weeks in the winter of 1855-56 on nothing but corn bread and coffee made of corn meal; and another family had nothing to eat for weeks but parched corn. The father of this family went to Missouri, over twenty miles, through sleet and snow two or more feet deep, and returned home with only a ham. The town of Archer was laid out from public land in the summer of 1855. It was situated on the east side of Muddy Creek about three miles northeast of Falls City, near the claim of Judge Miller, who had moved thereon the same summer. Judge Miller's daughter, Margaret, was married to Wilson M. Maddox (now deceased) at her father's house in October, 1855.
   The town of Archer consisted of one hotel, owned by Judge Miller, two general stores, kept by Abel D. Kirk and John F. Welty, one blacksmith shop, four or five dwelling houses, and two lawyers, William Loan and Abel D. Kirk. The first county officers were Frank L. Goldsberry, county clerk; Louis Mesplais, county treasurer; ----- ----- McMullen, sheriff; Judge Miller, probate judge; and Jesse Crook, surveyor. The town site of Archer was abandoned in the year 1857, because the government survey in the allotment of land to the Indians included it inside the halfbreed line.1 Isaac Crook, brother of Jesse Crook, settled
   1 The initials of McMullen's Christian name are E. G., and Miller's Christian name was John C. Archer derived its name from its founder. The change of the western boundary of the half-breed tract was the result of a resurvey made in 1857 which left Archer about three-quarters of a mile within the reservation, but the original line was reéstablished by act of Congress June 12, 1858. See Watkins, History of Nebraska, I, 378, and articles on Archer and the half-breed tract by Isham Reavis, republished in the Sunday State Journal, February 7 and February 28, 1909.
   Mrs. Wilhite, author of this paper, and her husband, Judge J. R. Wilhite, live at Falls City. According to Records of Nebraska Territory, in December, 1854, Governor Cuming appointed Christian Bobst judge of probate of Richardson county, Robert T. Archer, for whom the town of Archer was named, sheriff, and Neil J. Sharp county clerk. In 1855 Governor Izard appointed county officers as follows: March 16, Neil Johnson Sharp register of deeds; May 31, J. C. Lincoln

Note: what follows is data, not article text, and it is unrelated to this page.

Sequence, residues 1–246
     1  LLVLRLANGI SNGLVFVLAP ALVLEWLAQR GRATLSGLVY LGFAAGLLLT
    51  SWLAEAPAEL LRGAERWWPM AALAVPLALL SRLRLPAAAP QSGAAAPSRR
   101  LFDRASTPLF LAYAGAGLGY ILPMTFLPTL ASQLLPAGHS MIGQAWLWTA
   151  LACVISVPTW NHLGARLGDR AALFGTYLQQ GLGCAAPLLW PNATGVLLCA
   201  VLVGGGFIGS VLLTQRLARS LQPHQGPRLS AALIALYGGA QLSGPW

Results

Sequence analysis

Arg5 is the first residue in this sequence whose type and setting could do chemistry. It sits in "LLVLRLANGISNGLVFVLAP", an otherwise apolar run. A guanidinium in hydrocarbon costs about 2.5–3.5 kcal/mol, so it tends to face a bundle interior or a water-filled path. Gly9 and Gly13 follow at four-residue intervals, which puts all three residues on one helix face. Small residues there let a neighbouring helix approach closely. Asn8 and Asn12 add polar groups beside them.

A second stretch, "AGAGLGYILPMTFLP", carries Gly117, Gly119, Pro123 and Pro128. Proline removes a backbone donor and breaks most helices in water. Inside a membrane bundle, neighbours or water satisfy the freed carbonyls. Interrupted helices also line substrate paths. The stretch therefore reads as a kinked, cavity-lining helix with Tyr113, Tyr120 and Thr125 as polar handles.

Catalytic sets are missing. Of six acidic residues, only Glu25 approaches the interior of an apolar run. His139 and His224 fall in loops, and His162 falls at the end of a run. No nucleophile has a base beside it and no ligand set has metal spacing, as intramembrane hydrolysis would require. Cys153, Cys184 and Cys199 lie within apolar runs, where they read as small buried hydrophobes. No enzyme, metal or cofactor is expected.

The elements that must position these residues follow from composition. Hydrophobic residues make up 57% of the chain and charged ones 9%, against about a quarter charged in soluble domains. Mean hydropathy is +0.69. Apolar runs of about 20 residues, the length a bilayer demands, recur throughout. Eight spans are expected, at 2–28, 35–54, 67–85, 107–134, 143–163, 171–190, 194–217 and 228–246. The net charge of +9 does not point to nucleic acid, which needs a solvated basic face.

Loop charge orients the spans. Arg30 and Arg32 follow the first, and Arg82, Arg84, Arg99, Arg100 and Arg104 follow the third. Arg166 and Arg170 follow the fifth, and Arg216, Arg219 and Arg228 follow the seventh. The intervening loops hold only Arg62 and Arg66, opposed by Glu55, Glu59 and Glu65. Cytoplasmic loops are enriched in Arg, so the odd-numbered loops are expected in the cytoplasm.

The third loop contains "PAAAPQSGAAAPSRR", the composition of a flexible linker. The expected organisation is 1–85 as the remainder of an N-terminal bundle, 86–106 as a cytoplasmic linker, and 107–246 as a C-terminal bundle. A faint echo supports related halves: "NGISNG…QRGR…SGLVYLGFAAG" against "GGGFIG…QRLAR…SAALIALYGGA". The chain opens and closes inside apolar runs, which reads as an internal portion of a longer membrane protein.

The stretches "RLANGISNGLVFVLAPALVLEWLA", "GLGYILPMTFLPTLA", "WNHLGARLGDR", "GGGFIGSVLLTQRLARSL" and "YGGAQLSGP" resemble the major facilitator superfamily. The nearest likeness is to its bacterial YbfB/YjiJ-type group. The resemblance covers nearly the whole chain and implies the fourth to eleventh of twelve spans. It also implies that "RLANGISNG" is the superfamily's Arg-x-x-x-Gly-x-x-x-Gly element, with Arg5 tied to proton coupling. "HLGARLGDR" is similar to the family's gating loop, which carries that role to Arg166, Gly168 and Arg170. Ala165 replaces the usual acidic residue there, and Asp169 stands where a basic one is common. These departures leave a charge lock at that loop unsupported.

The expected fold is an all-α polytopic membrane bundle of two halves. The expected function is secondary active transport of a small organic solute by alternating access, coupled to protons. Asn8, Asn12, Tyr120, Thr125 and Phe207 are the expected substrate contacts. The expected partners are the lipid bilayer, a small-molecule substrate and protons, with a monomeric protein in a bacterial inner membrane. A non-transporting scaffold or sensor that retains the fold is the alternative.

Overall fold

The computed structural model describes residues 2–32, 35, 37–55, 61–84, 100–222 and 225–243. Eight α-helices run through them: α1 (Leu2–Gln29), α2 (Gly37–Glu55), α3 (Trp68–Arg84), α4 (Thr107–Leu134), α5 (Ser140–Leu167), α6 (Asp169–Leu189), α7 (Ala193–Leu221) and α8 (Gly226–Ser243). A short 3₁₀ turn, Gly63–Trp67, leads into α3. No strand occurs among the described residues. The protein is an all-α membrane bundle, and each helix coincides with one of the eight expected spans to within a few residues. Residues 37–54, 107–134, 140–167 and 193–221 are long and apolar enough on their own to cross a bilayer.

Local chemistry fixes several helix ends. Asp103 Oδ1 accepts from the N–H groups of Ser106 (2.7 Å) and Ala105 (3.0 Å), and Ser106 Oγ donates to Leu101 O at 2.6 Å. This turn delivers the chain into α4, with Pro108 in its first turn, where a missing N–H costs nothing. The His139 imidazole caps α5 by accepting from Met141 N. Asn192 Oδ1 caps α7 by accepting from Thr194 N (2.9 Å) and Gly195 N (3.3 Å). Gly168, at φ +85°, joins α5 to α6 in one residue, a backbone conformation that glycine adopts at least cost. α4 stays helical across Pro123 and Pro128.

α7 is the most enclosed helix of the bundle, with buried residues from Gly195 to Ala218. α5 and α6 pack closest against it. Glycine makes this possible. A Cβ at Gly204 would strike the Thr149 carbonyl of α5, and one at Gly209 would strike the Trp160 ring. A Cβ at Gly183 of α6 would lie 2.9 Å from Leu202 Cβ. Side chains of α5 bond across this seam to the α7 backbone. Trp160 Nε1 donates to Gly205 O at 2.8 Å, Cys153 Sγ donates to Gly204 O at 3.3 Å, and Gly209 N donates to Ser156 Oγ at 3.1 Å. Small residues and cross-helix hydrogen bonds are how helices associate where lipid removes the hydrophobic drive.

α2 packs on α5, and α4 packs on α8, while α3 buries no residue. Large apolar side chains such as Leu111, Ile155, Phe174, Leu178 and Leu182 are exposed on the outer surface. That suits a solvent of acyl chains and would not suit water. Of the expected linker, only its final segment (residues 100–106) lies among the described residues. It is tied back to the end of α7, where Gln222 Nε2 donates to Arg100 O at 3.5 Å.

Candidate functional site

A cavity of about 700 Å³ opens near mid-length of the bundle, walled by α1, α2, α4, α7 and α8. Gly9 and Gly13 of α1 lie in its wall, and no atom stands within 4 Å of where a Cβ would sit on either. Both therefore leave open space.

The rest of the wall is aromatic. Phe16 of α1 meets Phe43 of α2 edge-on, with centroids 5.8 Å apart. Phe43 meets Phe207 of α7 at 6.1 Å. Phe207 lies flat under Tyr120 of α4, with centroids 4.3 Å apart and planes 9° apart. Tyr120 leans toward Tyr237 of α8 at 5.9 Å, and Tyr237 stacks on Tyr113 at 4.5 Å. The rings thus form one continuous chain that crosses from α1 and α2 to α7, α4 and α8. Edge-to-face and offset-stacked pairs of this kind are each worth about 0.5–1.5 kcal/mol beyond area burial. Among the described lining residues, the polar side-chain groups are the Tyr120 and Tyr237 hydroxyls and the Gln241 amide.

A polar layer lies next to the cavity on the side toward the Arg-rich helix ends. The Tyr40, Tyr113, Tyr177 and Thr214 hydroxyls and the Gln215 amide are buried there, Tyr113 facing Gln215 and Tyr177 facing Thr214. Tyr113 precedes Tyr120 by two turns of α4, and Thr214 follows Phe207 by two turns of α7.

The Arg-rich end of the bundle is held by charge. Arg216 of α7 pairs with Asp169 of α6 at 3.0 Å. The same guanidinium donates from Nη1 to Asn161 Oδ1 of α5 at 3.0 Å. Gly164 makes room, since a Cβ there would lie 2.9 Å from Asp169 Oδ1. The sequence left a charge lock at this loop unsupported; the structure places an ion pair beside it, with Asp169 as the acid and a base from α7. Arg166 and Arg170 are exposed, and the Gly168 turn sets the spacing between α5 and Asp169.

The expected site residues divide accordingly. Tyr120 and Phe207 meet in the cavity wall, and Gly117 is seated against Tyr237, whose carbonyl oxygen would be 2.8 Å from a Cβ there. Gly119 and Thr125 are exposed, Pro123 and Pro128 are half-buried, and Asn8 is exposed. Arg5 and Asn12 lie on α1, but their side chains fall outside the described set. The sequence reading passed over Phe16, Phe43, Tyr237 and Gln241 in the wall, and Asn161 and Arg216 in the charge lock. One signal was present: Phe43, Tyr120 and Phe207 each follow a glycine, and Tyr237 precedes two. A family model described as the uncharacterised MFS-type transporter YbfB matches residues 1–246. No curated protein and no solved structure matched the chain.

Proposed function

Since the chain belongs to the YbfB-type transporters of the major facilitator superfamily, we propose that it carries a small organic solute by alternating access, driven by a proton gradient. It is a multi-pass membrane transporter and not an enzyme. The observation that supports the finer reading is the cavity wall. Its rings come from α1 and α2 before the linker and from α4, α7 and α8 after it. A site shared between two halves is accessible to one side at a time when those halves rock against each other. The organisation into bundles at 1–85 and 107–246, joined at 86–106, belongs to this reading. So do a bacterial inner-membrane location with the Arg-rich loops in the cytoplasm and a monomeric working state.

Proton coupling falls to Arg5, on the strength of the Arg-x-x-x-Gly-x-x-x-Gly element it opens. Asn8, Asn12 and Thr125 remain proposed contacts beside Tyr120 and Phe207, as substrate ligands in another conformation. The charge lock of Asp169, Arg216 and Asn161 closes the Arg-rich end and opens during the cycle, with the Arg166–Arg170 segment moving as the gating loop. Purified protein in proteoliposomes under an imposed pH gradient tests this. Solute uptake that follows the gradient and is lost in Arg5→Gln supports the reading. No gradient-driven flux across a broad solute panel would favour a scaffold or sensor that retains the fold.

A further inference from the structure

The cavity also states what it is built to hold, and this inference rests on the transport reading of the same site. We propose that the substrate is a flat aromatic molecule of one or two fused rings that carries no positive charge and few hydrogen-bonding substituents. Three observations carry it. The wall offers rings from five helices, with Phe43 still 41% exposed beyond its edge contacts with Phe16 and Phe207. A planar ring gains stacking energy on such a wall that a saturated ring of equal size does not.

here with his family on or about April 15, 1856, and here his children grew to maturity.
   Fighting prairie fires was one of the worst pioneer hardships. Very often the settlers would have to turn out for this purpose day and night; and often homes, crops and live stock were consumed.
   David Dorrington, wife and children settled at Falls City in September, 1857, where they built their dwelling house and made other valuable improvements. They lived here until death, and their children who still live here are William E. Dorrington, Mrs. Annie (Dorrington) Reavis, wife of Judge Isham Reavis, and Kittie L. (Dorrington) Towle, wife of Edwin S. Towle. William E. Dorrington is the oldest resident in point of time now living in Falls City. David Dorrington and Mother Dorrington, his wife, died long ago. Squire Dorrington, as he was familiarly called, was mayor, justice of the peace and member of the city council and of the school board.
treasurer; August 3, A. D. Kirk surveyor; in November, J. C. Lincoln register of deeds, E. G. McMullen sheriff, John C. Miller judge of probate; December 27, Ambrose Shelley treasurer. On November 6, 1855, the first election in the territory of county officers--five in number--was held. According to the record above named, those chosen in Richardson county are as follows: John C. Miller judge of probate, Ambrose Shelley treasurer, J. C. Lincoln register of deeds, E. C. McMullen sheriff, Jesse Crook surveyor. Frank L. Goldsberry, county clerk, is omitted. According to local historians, Christian Bobst was the first actual judge of probate, 1854; E. G. McMullen first sheriff, 1857; Frank L. Goldsberry first clerk, 1855; Isaac Crook first treasurer, 1857; J. J. Leabo first surveyor, 1857. But pioneer records as well as memories are often infirm.--ED.